Saturday, October 28, 2023

Witney Exhibition and Book (Preorders)

I was able to get to the Witney Exhibition this week in the UK and I was blown away.  I have seen many of their exhibits before and was extremely overjoyed, but this one took my breath away.  I would have been a happy camper with the first two rooms I entered, but then I went into the largest in the back and the shear number of 17th century band and whitework samplers on the wall knocked me over (think dozens).  And that wasn't the highlight!  

The highlight was the Elizabeth Hall collection of a casket and the smalls which had been kept in the box for almost four hundred years.  I was lucky to be the only one in the gallery at the time and so I asked Rebecca if she would consider allowing me to film her talking about the collection and the family.  This is the single most important casket and school girl collection to come to light since the Martha Edlin collection.  It not only includes her work, but the work of later family members and the samplers of friends that did works in the same school or were in her wedding, etc.  To see so many interlinked pieces was astounding.  And to know that the family shared all their letters mentioning the embroideries, allowing the maker of so many of these family pieces in the casket to be identified and dated as well. 

Rebecca was just too excited to tell me about the collection to say no to filming - so expect something on YouTube coming up after I get back to the states and can edit.  I have to admit that my eyes wandered here and there to a sampler or more on the wall and I might have cut her out of the frame here and there - but the visual candy and wonderful story is still there!  I can't believe I didn't shake more (from excitement).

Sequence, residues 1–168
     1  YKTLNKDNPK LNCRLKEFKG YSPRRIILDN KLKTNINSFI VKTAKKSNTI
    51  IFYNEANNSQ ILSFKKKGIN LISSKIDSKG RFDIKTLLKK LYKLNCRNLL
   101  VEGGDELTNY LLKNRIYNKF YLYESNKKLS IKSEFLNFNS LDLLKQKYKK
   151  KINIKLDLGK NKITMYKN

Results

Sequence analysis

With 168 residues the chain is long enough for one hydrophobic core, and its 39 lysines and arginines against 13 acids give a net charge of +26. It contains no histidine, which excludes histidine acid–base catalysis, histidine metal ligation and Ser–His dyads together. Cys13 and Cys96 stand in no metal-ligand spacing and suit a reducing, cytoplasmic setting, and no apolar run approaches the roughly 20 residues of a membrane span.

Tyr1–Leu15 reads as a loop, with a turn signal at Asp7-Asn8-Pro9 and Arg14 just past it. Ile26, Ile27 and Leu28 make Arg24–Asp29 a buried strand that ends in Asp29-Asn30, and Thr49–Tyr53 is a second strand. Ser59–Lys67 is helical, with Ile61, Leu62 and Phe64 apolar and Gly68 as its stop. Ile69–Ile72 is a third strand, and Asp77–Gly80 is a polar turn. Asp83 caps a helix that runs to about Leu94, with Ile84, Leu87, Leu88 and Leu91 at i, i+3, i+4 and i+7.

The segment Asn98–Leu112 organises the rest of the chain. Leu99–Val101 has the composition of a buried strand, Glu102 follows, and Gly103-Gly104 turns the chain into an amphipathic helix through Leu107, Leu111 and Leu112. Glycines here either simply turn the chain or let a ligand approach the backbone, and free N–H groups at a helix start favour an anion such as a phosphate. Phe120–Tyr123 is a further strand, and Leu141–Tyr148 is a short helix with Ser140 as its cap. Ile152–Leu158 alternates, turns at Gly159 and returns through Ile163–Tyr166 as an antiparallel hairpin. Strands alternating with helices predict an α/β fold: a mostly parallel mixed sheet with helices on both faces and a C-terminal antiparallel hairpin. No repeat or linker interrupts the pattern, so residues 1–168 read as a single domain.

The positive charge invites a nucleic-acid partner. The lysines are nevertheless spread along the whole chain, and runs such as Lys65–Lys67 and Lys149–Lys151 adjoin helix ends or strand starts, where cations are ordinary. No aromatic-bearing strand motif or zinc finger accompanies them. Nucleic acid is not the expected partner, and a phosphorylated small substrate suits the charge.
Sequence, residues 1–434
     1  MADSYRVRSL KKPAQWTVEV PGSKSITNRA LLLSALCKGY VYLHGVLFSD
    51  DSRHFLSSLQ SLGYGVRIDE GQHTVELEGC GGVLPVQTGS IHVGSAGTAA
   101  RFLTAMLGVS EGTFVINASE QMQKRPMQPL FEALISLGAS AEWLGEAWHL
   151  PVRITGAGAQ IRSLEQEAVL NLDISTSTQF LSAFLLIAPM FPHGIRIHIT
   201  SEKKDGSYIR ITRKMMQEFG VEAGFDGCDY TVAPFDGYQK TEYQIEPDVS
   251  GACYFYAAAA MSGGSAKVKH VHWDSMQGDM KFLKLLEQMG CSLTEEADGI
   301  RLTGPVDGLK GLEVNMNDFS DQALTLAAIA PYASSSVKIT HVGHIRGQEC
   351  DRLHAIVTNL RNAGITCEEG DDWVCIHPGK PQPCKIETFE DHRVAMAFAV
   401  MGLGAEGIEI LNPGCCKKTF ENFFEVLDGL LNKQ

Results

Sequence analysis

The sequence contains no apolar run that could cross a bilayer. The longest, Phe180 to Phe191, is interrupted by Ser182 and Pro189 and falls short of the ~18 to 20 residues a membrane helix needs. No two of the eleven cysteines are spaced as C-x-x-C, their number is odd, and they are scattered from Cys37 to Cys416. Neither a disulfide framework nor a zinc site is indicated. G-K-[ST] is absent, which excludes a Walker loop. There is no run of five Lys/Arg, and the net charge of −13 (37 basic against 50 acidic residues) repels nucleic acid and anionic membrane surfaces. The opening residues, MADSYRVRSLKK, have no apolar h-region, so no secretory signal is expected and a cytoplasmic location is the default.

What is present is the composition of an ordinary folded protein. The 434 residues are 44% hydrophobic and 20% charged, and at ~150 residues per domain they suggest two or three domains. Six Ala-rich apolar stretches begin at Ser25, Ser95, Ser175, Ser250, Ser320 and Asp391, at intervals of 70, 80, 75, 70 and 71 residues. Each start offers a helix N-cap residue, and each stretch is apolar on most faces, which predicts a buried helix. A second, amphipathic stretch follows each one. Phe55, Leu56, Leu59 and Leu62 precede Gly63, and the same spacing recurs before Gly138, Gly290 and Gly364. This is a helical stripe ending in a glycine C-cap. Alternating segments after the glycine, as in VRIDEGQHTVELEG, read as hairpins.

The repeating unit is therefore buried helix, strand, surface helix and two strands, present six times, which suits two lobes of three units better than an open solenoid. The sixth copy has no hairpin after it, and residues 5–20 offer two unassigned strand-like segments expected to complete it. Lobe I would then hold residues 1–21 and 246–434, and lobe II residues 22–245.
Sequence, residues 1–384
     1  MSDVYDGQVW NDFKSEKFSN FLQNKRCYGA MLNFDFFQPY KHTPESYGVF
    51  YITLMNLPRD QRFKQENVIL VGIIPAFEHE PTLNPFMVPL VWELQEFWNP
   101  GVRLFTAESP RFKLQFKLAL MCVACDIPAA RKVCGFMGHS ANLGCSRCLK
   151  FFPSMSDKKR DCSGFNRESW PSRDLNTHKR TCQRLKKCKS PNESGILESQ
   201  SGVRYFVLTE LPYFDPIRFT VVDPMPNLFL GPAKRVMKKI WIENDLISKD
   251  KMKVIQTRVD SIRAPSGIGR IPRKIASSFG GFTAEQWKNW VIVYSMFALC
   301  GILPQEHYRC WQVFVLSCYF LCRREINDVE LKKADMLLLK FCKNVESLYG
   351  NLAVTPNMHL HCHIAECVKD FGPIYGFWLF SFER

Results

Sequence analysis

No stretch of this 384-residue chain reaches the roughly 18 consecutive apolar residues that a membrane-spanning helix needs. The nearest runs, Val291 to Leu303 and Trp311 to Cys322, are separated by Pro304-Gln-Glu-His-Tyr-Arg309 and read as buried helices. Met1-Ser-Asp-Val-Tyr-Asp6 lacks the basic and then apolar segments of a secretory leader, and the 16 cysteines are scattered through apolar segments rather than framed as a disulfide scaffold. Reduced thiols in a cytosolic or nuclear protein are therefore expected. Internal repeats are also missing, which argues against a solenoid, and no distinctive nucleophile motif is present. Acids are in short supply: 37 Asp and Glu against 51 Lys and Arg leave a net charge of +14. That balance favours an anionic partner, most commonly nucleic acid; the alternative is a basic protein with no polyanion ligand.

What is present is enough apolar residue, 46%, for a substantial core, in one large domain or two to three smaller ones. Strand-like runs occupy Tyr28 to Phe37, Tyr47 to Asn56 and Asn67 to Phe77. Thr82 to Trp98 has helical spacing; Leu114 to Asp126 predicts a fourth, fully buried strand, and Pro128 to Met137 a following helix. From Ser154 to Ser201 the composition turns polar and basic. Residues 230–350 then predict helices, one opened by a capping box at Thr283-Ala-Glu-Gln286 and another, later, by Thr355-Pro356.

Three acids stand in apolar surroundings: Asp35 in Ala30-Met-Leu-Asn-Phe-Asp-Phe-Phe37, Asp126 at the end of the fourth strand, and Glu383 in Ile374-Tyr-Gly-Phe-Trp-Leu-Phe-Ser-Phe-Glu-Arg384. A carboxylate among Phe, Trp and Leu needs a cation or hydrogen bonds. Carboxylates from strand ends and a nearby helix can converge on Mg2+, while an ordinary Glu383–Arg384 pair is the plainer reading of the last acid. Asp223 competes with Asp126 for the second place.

This exhibit and next year's one (yes she has MORE like this!!) is really Rebecca's baby and culmination of the work she has done for decades on needlework through the store and her books.  She is collaborating with Isabella Rosner to expand the research hours and knowledge that can be learned from the pieces and they have written an important book about the collection for the exhibit. 

Normally the catalogs are softcover, but Rebecca promised the family that the collection would be properly documented in one volume when they offered it to her for sale.  While we all hope a single collector or institution will have the vision to purchase the collection as a whole, it was significantly important to Rebecca and the family to publish it all in one well done volume, hence they spent the money to make it hardcover and use very large and detailed photos.  But this meant that there are only half the copies of the catalog as there would normally be.  This book will not last long on the market.  

Because of its importance to research and the knowledge base on embroidery and schoolgirls, Access Commodities has committed to bring a number of copies to the US in a large shipment.  We want to support what Rebecca Scott and Isabella Rosner have been doing so they can pour their capital and knowledge into next year's book as well - Volume II.  

I am taking preorders for the book.  It is heavy and so postage to get it here to the US has not been small.  But that is the nature of books these days.   I hope to have the first copies I order by late November and can start shipping them out.  I think you might want to give the link to a husband for a great Christmas order!

I was so excited that pieces were photographed in macro so we could really see what was going on in the work.

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